Annotation Focus: Recovering E-Waste

Every year up to 50 million tons of electronics are discarded. Only 12% are properly recycled (source).

Although recycling is feasible, current methods are costly and energy-intensive. Lacking a proper way to dispose of electronics, we face an ever-growing mountain of e-waste associated problems.

Accumulation of discarded electronic parts.
Electronic waste at Agbogbloshie, Ghana. Sourced from Wikipedia Commons.


The difficulty with recycling e-waste originates in the myriad of the materials within. Plastics, mercury, platinum, silver and gold–some of these are valuable, however, separation and refinement have proved difficult. But, there may lie a solution, using the targeted precision of metallophore microbes.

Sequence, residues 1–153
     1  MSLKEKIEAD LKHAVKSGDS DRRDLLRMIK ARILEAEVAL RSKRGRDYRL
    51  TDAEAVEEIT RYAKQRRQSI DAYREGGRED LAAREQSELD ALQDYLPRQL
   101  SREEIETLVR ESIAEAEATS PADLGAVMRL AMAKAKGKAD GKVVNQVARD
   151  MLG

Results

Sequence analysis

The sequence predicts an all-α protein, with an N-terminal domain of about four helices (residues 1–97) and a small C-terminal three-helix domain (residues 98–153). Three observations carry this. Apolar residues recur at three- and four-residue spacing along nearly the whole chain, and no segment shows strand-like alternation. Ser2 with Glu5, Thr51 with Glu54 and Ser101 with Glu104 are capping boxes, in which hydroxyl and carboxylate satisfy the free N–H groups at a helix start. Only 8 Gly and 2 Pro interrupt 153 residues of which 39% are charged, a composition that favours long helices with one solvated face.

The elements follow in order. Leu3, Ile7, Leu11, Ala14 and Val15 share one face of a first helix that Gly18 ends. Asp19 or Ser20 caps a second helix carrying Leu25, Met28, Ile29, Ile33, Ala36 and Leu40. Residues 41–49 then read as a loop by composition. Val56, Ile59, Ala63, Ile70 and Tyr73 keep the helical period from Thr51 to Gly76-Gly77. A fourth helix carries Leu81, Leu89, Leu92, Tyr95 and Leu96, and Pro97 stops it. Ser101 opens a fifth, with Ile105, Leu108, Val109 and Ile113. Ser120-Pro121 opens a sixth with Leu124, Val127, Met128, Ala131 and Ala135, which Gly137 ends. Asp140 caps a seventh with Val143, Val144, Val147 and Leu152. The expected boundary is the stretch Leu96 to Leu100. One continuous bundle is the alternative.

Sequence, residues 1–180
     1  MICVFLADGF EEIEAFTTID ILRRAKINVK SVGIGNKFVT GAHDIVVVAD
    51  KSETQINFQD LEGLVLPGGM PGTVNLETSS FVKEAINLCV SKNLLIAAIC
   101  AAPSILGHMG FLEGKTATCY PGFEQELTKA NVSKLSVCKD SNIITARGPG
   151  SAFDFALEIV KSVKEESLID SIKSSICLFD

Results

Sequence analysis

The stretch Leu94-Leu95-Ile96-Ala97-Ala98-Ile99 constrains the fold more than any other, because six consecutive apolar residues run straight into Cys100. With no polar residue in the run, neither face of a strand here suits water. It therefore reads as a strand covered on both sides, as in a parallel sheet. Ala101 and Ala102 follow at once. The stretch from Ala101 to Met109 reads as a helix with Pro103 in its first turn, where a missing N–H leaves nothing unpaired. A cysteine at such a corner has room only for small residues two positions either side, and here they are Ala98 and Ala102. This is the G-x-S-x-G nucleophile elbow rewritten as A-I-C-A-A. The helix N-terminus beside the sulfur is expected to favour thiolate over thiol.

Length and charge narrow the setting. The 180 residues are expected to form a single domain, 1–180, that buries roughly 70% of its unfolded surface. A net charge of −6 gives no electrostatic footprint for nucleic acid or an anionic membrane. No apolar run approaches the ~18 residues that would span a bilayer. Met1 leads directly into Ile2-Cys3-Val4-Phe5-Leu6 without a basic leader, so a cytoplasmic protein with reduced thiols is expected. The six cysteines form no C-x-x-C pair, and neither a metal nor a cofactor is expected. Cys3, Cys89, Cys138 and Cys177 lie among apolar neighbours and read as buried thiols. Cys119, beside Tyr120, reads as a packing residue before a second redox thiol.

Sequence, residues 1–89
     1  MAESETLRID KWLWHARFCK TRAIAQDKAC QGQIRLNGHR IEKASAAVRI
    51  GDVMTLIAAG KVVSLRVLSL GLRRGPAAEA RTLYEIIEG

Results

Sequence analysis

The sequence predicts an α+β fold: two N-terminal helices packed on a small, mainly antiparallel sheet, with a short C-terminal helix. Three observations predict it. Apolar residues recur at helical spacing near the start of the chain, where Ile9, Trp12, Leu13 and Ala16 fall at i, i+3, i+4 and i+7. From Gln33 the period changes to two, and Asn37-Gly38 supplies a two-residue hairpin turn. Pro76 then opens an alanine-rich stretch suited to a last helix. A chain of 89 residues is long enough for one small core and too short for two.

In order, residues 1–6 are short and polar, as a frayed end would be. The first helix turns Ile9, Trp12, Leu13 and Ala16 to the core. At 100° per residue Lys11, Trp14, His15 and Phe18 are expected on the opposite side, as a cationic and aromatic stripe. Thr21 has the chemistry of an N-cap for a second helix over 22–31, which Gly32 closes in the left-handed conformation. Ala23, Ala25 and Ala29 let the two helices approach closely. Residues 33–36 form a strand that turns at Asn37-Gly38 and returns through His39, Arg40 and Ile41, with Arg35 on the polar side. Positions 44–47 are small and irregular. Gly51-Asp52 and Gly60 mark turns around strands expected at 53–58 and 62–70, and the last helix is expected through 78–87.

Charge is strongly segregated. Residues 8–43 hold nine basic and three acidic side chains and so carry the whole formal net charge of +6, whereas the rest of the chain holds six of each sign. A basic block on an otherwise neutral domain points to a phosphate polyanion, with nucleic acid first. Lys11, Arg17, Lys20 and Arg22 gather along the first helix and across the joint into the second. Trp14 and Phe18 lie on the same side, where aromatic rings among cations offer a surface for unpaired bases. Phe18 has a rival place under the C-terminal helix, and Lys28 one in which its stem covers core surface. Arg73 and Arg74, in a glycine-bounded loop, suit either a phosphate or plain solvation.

Certain bacteria like Chromobacterium violaceum produce acidic compounds that break down and dissolve metals. Then, biomineralizing bacteria like Delftia acidovorans precipitate the metals into pure, solid forms that can easily be recovered and reused.

Hypothetical workflow of recycling electronics with C. violaceum and D. acidovorans.
Electronics could be more easily recycled with biodissolution and biomineralization. Made with


Help us learn about Delftia‘s ability to recycle e-waste. Join the conversation and start annotating here. Annotate on relevant literature using, and tag your annotations with gold biomineralization and e-waste.

Here’s some articles to get you started, but annotate anything you find relevant.

Check back soon to see what we learn!